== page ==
Hi Junko - You mentioned Trident. I think you meant Entropic. Also no mention of BRCM which has market leadership in STBs today. Also no mention of ST, which appears to be making a comeback. Will these mobile SoCs have all the necessary CAS support HW that STB ODMs demand or is SW-based DRM becoming the new norm? Certainly on the power side, the mobile SoC contingent has a strong lead.
Hi, iPhony. I mentioned Trident because at one point, after NXP gave up on DTV SoC, Trident was a contender. Broadcom tried to get into the DTV SoC market but gave up. That said, Broadcom has always been a strong player in the STB market.
Both Broadcom and ST are members of Linaro. Whether Broadcom wiill become a founding member of the Linaro Digital Home Group remains to be seen.
You raise a good question as to whether these mobile SoCs have all the necessary CAS support HW that STB ODMs demand. I need to check that.
That, however, might be a question best directed to Linaro -- whose mission is to develop open source software for ARM SoCs.
Linaro could really make a splash in the digital home market. ARM has already leveraged Linaro pretty well in order to establish its IP process technology as the dominant force in the mobile market. This is the next logical step.
New entrants like Allwinner and other Chinese vendors have lots of opportunity with IP set tops (Roku, Chromecast, and so on), entry level cable set tops and Smart TV.
They will conquer these segments first, learning how to do "TV" effectively and efficiently. Then they will develop or acquire missing pieces like CAS and maybe the RF front end (full spectrum receivers? broacast tuners?).
The whole concept of Set Top Box needs to be thrown out and re-invented. Same for the TV - everything but the screen is replicated in the STB or AV receiver (what's an "antenna"?). Meantime the home gateway is being eyed for everything from energy management, home controls, home security, Internet, TV, gaming, streaming media, digital storage, phone (what is a "land line"?), all forms of wireless, and the NSA. Maybe there's an FM radio in there somewhere. And the smart phone may become the universal remote to it all.
Home gateways and STBs are designed for engineers - and the service providers who are wrestling for your monthly dollar. The common homeowner is befuddled by 75 forms of messy cabling, all manner of attached equipment, and swarms of resolutions, aspect ratios, formats, codecs, and jargon. Who among us readers isn't playing tech support for all our family and friends? People can't tell if the TV is off, or if it's on but the cable box is off so only a black screen is showing on the TV. Is the channel 3 in the corner from the TV, the STB, or the DVD recorder?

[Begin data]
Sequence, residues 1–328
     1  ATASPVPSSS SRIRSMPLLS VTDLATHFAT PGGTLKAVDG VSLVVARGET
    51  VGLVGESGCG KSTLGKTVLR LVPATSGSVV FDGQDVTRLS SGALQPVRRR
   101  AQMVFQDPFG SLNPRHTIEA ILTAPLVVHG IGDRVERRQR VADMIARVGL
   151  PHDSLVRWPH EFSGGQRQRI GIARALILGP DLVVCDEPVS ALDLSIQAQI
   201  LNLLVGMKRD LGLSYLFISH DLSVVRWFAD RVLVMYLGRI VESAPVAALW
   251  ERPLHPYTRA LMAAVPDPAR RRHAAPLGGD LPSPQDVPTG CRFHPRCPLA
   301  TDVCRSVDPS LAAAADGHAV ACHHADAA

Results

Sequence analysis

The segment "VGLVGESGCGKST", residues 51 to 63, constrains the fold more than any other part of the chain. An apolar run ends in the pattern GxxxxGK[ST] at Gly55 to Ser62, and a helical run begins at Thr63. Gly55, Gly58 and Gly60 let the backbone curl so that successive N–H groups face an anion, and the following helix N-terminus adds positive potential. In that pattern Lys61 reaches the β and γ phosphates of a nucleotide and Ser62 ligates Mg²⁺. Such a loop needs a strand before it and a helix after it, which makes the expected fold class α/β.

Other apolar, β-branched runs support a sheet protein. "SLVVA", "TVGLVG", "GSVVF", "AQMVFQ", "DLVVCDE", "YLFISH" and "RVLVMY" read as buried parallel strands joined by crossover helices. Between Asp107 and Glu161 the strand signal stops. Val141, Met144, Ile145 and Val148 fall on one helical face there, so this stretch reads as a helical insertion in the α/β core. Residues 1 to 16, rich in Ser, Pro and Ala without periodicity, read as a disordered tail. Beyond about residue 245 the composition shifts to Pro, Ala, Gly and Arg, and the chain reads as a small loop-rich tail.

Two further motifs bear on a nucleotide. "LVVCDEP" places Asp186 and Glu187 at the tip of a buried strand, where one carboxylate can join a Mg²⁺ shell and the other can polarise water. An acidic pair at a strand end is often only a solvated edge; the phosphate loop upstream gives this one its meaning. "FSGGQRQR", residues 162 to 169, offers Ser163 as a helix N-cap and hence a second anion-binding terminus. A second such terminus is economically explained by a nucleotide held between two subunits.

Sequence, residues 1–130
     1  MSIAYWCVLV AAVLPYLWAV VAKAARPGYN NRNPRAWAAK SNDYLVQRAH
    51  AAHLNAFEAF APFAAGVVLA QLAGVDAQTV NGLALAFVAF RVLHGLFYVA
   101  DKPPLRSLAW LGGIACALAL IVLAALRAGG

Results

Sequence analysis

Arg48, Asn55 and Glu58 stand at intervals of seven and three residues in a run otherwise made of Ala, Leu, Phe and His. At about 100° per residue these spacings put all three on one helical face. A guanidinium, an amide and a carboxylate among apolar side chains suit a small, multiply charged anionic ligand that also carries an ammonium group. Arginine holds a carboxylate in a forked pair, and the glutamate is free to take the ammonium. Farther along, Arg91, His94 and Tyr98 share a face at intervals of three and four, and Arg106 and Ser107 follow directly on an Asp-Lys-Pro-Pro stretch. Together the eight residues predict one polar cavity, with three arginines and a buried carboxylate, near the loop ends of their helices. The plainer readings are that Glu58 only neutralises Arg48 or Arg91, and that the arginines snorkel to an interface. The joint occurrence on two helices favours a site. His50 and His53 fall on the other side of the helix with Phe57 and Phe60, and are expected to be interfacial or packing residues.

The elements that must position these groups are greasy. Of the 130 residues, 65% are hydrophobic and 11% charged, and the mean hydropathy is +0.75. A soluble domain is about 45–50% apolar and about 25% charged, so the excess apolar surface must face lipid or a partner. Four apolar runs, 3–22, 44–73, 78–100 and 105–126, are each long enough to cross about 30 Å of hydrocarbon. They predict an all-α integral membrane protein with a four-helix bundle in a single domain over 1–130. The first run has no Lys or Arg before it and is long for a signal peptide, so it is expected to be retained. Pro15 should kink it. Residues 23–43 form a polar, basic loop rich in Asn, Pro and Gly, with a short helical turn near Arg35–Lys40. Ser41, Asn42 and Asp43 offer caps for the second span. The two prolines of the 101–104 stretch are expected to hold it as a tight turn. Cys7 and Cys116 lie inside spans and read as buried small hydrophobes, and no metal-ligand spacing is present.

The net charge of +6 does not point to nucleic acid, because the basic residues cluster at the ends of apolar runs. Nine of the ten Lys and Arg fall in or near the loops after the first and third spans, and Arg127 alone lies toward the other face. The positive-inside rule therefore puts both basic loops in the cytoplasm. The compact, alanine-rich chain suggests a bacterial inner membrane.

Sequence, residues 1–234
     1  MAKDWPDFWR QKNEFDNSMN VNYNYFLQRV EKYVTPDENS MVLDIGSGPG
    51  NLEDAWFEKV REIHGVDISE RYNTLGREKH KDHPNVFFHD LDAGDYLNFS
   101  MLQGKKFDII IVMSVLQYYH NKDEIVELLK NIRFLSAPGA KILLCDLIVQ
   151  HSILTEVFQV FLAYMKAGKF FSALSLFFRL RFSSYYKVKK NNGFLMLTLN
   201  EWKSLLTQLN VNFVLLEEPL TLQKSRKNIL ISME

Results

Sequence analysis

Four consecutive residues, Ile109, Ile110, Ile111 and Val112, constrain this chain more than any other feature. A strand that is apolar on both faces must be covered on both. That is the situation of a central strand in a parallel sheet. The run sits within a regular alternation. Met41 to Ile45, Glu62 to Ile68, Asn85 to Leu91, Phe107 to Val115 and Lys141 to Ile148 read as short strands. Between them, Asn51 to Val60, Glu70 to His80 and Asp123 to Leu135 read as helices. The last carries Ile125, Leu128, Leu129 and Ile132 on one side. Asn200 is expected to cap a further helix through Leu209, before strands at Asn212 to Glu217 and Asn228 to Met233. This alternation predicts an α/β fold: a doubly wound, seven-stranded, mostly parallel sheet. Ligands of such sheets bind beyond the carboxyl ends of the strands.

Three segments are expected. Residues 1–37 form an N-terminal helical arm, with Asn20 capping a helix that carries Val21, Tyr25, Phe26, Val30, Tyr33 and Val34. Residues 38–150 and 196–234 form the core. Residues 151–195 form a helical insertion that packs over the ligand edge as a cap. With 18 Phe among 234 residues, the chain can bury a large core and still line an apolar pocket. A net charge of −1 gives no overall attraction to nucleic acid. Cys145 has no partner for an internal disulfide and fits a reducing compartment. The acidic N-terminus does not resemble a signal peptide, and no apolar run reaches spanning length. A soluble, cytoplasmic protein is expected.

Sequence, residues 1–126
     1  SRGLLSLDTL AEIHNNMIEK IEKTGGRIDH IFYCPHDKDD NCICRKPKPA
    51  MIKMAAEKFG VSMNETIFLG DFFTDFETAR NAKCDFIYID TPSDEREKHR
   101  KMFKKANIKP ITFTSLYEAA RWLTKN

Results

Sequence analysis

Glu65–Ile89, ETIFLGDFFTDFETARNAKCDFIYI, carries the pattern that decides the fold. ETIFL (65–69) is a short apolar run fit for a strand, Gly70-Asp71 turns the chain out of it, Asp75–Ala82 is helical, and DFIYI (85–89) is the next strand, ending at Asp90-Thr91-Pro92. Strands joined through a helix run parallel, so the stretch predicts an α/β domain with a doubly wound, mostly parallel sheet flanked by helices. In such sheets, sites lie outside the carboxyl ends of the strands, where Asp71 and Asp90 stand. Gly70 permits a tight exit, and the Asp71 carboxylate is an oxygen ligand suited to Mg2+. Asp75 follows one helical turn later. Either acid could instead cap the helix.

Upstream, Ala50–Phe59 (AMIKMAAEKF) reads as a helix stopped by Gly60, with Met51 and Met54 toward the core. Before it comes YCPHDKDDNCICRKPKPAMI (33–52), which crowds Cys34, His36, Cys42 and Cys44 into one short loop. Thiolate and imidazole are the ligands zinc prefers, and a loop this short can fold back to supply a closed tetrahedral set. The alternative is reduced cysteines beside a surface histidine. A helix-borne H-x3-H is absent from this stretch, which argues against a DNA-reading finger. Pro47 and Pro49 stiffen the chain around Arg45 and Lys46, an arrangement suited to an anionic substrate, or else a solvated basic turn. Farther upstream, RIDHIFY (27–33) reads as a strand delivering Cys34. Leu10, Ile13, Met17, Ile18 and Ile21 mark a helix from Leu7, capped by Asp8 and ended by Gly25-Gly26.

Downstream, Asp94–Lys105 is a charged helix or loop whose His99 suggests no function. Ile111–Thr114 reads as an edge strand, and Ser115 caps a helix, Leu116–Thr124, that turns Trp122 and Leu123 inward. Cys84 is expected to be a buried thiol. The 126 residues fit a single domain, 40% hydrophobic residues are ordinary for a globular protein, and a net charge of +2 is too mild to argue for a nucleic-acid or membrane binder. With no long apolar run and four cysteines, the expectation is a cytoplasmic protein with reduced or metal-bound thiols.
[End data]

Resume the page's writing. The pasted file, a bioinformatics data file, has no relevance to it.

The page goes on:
And heaven help you if you just want to find or record Keeping Up with the Wildest Housewives of Honey BooBoo. Why do I have to know what network it's on (only one?), what channel number that is (different for different TV's being fed by different STBs or OTA), which has the best quality picture, or what recording conflicts will occur? As for real-time, you're dead meat if some political speech was jammed in or the ball game runs long because you'll never find out if the butler did it. So much consumer electronics these days is like a Model T in the 20's: you'd better have a good mechanic nearby.
I kept hoping Apple would solve this problem for the users; but now Jobs is gone. I'm guessing it's not about ARM vs. MIPS or Linaro or Sony vs. Samsung or cable vs. satellite or 2nd, 3rd, or 4th screen engagement. It might be about Hollywood and the networks vs. the viewers at what price. It is most certainly about listening to the end user. The guts of a smart phone - the application processor - don't cover the technology needed for a full-sized multi-channel STB-DVR, let alone the all-singing, all-dancing home gateway.
The TV / home entertainment area is just a mess from what I can see, which means there's lots of opportunity to fix it. I don't know that "the Chinese" have any advantage (they're coming from way behind). But somebody had better start by listening to the real end user - the citizens of the world who aren't techno-wizards but just want to be entertained.
I like that you put the Chinese in quotes, they are so often treated as a homogenous mass and addressed with the same simplistic tone. I also think you have a point that the audience is mostly people who simply want to be entertained, not the technologically-savy necessarily. Not sure Apple losing Jobs really shifts things in the industry as much as you say, though. We'll see about that.